Once people discover what I do for a living, their next question is almost always something along the lines of “Man, I always wanted to race cars! How were you able to turn that into a living?” I smile and give them an abbreviated version of my story—the tip of the iceberg if you will. But, since I have your undivided attention, I'm happy to share with you the whole story. My hope is that it will provide a road map for young drivers seeking to navigate the path to professional racing.
Most people assume I started racing before I learned my ABCs. Although I wanted to be a professional driver from an early age, my first opportunity to race competitively didn’t come until I was 20 years old. For now, let's start at the very beginning.
I grew up in Colorado Springs, Colorado—raised by a single mother who bounced from job to job to support my younger sister and me. When I was a boy, I remember desperately wanting a go-kart, but there wasn’t much money for things like that. At the time, I didn't know that go-kart racing was anything more than an idea in my head. Plus, the only local racing event I was aware of was Pikes Peak Hillclimb. Luckily, I had access to something even better—my uncle Steve.
Growing up, Uncle Steve was my father figure. He was a Vietnam Vet with a passion for motorcycles. Just about every day after work, he’d be outside working on his bikes, and I’d be right there next to him trying to soak up everything I could about setting the carbs or tensioning a chain. On the weekends, Uncle Steve and I huddled near the TV to watch MotoGP, World Superbike, or the Isle of Man TT. I idolized the riders risking life and limb with nothing but a few millimeters of leather between them and the pavement. Because of this early exposure, I initially wanted to be a motorcycle racer.
Here’s the thing about growing up without my dad in the picture that I didn’t understand at the time. I subconsciously sought out approval from the men around me that I admired. I just wanted to make someone proud. Because I looked up to my uncle so much, his approval meant everything to me. Somehow, I thought if I could become one of the racers on the TV screen, he’d be proud of me. This was the catalyst that propelled me toward racing.
You might be wondering why I’m mentioning all this. Well, it's because I want young drivers to stop and consider the reason they're choosing a career in racing. Are you doing it for yourself or someone else? It wasn't until Uncle Steve passed away that this question hit me like a ton of bricks. I realized he was the reason I became a racecar driver, and after he was gone, racing lost all meaning to me. For a time, I considered walking away from the sport altogether—that is until I came across an ad in an automotive magazine.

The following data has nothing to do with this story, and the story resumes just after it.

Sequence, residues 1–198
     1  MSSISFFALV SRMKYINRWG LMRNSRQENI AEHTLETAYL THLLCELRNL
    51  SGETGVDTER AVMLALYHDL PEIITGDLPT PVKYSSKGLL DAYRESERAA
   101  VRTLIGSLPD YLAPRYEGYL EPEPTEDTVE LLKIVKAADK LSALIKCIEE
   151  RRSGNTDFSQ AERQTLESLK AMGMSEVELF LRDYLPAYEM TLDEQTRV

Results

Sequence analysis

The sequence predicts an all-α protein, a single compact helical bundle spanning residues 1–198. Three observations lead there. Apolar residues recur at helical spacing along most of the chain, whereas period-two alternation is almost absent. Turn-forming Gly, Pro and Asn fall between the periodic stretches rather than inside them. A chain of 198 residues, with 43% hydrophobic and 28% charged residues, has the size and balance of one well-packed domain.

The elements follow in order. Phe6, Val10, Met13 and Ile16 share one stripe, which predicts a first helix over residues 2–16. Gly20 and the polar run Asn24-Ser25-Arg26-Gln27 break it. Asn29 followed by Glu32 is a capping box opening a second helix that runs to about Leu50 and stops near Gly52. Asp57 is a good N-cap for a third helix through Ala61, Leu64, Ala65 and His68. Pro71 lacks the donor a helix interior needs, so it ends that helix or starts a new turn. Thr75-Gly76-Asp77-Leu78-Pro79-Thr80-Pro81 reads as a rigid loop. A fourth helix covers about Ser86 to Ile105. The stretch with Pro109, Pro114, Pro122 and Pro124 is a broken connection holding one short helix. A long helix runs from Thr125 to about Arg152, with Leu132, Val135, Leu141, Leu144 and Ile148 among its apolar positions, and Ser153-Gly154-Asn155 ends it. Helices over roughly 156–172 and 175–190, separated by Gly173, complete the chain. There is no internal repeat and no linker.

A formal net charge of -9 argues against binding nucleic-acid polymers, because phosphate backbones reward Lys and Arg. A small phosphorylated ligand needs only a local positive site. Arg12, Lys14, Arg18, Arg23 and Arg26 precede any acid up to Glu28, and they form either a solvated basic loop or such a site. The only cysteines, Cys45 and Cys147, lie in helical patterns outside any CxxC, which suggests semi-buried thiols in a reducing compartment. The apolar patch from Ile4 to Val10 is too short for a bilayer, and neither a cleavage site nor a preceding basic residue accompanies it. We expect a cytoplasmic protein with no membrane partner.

It was a full-page spread for the Bondurant School of High-Performance Driving. If you managed to get through their infamous four-day Grand Prix road racing course, you automatically qualified for your SCCA racing license. I knew if I could figure out a way to take that course, I’d be on my way to racing stardom. There was just one small problem—the enrollment fee was nearly 4,000 dollars! Thankfully, I learned that if you worked for the school and made it through the initial 90-day probational period, you could take the class at no cost. How do you get a job at a racing school with zero racing experience?
I figured my best chance was to become a mechanic and hopefully get a job maintaining the cars at the school. I dropped out of high school and enrolled at Universal Technical Institute in Phoenix because the Bondurant School was just down the highway from campus. I packed everything I had into a beater Mustang I built myself and headed to Arizona. Every couple of weeks, I’d drive to the Bondurant School to pester the shop manager for a job.
After about a year of nagging, they relented and offered me an entry-level mechanic position. Even though my position paid a meager $7.25 an hour, it felt like I had won the lottery. This was my chance to break into the world of professional racing, and I was determined to give it my all. Thankfully, my first 90 days as a mechanic passed quickly I was allowed to enroll in the four-day Grand Prix class free of charge.
Stay tuned for the second part of this series and find out if I made it through the Grand Prix road racing course!